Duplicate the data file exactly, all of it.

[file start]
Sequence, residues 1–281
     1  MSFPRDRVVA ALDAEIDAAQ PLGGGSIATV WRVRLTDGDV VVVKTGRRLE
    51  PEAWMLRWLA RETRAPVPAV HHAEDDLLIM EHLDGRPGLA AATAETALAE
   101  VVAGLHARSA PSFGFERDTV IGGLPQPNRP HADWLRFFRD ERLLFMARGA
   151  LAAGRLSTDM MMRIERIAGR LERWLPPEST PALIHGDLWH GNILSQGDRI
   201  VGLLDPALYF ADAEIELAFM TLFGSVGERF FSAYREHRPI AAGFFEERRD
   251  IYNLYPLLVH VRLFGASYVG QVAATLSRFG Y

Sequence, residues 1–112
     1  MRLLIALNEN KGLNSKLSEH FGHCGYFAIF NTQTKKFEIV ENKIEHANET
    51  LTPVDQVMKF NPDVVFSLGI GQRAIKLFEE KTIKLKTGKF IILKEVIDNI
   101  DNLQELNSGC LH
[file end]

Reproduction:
Sequence, residues 1–281
     1  MSFPRDRVVA ALDAEIDAAQ PLGGGSIATV WRVRLTDGDV VVVKTGRRLE
    51  PEAWMLRWLA RETRAPVPAV HHAEDDLLIM EHLDGRPGLA AATAETALAE
   101  VVAGLHARSA PSFGFERDTV IGGLPQPNRP HADWLRFFRD ERLLFMARGA
   151  LAAGRLSTDM MMRIERIAGR LERWLPPEST PALIHGDLWH GNILSQGDRI
   201  VGLLDPALYF ADAEIELAFM TLFGSVGERF FSAYREHRPI AAGFFEERRD
   251  IYNLYPLLVH VRLFGASYVG QVAATLSRFG Y

Sequence, residues 1–112
     1  MRLLIALNEN KGLNSKLSEH FGHCGYFAIF NTQTKKFEIV ENKIEHANET
    51  LTPVDQVMKF NPDVVFSLGI GQRAIKLFEE KTIKLKTGKF IILKEVIDNI
   101  DNLQELNSGC LH